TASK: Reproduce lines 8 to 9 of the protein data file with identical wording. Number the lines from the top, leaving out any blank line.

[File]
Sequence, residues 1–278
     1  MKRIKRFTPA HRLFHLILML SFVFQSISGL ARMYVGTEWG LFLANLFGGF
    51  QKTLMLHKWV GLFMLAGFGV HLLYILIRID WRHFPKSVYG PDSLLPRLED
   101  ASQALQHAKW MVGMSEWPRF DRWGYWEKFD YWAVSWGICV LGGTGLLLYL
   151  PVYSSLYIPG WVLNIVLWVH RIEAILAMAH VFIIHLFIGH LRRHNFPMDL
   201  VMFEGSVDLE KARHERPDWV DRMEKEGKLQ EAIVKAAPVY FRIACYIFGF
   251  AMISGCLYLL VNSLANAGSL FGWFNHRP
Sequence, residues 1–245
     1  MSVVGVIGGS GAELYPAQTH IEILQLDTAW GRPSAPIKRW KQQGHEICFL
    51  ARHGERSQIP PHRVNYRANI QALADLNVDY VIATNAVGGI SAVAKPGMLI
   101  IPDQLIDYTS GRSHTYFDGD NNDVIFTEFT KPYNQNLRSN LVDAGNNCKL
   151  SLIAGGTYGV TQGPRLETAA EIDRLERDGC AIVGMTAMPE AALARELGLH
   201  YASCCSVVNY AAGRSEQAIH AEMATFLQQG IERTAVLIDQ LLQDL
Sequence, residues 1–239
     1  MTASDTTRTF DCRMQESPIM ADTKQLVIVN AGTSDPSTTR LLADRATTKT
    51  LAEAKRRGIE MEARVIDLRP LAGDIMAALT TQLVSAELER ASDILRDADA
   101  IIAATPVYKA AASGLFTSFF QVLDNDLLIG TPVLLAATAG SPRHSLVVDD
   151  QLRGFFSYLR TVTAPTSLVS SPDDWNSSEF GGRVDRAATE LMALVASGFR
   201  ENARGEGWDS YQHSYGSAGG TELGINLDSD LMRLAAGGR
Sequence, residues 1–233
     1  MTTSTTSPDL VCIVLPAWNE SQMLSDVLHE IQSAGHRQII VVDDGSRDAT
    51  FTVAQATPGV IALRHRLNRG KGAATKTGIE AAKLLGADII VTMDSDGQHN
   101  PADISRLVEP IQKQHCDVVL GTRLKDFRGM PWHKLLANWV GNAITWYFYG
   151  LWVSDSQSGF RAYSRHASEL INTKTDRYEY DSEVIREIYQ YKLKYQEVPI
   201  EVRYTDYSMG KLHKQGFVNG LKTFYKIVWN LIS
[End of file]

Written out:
Sequence, residues 1–245
     1  MSVVGVIGGS GAELYPAQTH IEILQLDTAW GRPSAPIKRW KQQGHEICFL